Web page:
Shortbread Lofts ahead of schedule

Apr. 18, 2013 @ 01:39 PM

The developer behind the Shortbread Lofts apartments and retail project on West Rosemary Street in Chapel Hill said Wednesday that construction is ahead of schedule.
Larry Short said workers are finishing the site grading and are getting ready to begin work on the foundation. The plan is to move renters in people into the apartment complex in June of next year, he said.
Construction on the project began earlier this year following an approval by the Chapel Hill Town Council in February of 2012 of a re-zoning and a special-use permit. The seven-story, mixed-use project is slated to include space for shops, 85 rental apartments, and parking.
Short said he partnered with the owners of Breadmen’s restaurant at 324 W. Rosemary St. to consolidate two neighboring pieces of properties they owned into one parcel at 333 W. Rosemary St.
Shortbread Lofts is planned to be an upscale project that caters to students. He said he believes it will help meet a need for student housing downtown, and will also help with a trend of single-family homes in the neighboring Northside community converting to student rentals.
Mayor Mark Kleinschmidt also advocated for creating housing alternatives for students to the neighboring community.
“One of the challenges is that Northside, right next to Shortbread, those homes are being rented basically by the bedroom at exorbitant rates that make them completely unavailable to single-family home dwellers,” Kleinschmidt said. “And it’s basically taken us out of the stock for working class people. We need to create an alternative for students, particularly who are out there paying $700, $800 a bedroom.”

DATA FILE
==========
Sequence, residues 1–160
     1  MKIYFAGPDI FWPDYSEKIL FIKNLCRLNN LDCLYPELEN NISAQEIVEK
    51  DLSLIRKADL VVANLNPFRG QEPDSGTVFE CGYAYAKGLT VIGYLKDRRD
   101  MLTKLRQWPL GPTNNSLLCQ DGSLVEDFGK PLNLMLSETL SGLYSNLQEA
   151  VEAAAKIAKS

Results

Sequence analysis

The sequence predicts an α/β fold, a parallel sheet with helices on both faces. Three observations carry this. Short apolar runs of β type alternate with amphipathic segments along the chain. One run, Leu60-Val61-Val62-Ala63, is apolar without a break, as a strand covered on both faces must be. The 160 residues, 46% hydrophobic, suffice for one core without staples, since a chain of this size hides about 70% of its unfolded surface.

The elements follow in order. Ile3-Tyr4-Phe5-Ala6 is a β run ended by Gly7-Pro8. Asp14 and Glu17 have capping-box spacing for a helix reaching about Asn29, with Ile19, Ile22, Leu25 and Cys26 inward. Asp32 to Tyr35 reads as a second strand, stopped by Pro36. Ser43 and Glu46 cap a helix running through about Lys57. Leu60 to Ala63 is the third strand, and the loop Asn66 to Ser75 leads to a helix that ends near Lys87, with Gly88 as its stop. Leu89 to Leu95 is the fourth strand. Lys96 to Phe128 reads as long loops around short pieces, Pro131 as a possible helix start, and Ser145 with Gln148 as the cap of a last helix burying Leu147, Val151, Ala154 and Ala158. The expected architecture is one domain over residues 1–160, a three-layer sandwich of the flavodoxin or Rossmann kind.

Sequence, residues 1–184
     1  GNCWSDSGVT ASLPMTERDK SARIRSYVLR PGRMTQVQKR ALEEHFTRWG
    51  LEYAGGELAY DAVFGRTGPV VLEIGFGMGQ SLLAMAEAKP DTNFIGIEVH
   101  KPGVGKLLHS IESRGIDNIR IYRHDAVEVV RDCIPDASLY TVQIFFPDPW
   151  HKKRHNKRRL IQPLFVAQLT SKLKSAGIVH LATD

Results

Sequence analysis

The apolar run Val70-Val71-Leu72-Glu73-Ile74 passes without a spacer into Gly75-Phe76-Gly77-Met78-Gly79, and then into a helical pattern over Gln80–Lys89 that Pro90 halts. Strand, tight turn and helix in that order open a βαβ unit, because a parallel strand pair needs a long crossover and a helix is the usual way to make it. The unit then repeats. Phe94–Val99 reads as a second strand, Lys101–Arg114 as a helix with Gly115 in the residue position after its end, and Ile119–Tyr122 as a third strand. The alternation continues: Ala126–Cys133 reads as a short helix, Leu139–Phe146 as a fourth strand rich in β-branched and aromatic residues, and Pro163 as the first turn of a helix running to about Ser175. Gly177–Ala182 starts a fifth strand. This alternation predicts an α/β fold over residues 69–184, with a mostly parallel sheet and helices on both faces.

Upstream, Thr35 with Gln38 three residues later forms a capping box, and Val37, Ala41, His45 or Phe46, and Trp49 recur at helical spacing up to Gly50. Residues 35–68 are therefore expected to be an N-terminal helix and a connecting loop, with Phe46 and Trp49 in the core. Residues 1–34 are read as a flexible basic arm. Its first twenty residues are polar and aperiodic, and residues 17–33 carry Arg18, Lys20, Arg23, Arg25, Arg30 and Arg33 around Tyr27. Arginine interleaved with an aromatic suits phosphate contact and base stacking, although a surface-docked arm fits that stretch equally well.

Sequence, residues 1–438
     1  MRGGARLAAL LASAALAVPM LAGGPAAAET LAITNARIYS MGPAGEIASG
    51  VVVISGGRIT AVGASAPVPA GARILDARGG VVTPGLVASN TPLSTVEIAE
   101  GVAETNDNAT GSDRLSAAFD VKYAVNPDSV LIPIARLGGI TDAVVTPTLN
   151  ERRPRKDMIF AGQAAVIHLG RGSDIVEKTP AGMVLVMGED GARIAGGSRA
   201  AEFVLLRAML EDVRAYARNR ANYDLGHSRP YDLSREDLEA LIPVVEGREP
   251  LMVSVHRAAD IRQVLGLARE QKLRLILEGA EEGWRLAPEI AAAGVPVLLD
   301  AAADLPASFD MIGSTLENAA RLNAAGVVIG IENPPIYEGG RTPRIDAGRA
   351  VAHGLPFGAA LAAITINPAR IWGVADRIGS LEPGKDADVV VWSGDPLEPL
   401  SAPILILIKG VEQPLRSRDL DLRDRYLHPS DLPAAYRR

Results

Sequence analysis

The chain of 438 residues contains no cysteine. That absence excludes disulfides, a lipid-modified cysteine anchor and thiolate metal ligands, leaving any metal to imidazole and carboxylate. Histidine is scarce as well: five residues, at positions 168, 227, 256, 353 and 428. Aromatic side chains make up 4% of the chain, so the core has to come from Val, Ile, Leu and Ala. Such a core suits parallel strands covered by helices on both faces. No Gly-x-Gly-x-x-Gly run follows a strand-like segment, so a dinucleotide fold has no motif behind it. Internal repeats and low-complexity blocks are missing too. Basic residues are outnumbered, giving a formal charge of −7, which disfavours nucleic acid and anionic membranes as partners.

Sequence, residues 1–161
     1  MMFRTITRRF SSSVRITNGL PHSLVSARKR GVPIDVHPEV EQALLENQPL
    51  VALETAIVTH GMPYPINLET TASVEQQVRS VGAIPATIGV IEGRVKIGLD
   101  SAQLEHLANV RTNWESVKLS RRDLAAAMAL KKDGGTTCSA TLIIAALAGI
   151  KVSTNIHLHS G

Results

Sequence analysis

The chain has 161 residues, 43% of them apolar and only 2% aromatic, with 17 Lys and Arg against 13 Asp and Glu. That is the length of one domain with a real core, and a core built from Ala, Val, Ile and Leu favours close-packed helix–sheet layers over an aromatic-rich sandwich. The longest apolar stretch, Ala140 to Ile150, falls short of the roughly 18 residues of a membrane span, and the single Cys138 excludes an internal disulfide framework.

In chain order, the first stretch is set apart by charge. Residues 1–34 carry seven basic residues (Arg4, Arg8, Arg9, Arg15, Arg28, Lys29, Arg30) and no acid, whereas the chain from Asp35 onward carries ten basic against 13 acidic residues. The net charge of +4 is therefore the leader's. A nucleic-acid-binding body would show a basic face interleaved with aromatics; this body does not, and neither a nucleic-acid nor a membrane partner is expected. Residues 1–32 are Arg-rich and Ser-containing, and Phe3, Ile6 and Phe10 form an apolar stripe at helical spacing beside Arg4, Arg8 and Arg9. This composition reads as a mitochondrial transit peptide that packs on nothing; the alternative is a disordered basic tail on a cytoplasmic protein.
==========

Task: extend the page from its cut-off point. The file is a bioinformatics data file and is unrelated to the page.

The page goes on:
Kleinschmidt advocated for Shortbread Lofts, alongside the 140 West development of condos and retail space and the Greenbridge mixed-use project, as infill developments.
“I think that it reflects a national trend toward living in towns and taking advantage of cites being able to live and work and play in the same space, being able to take advantage of transit, and really a rejection of suburban sprawl model,” he said. “And I think that … (suburban sprawl) is much more damaging to the character…than infill development that takes advantage of existing infrastructure.”
He said he hears comments about the changing of the character of the town.
“It assumes that Chapel Hill has been static and hasn’t ever changed…it never stops changing,” he said. “We have goals around economic diversity in downtown and a 12-month kind of active economic cycle,” he also said. “And in order to be able to really accomplish that, we need folks living in downtown, and we need more people, we need a critical mass of people living in downtown.”
Roy Piscitello, one of the owners of Breadmen’s since 1974 along with his brother Bill Piscitello, said there’s a need for more people living downtown.
“Because a lot of the downtowns are withering away and dying,” he said. “I think that Chapel Hill needs the new urbanism, it needs density to where people will be downtown 24-7,” he also said. “And if they’re downtown, then there will be goods and services that will (follow).”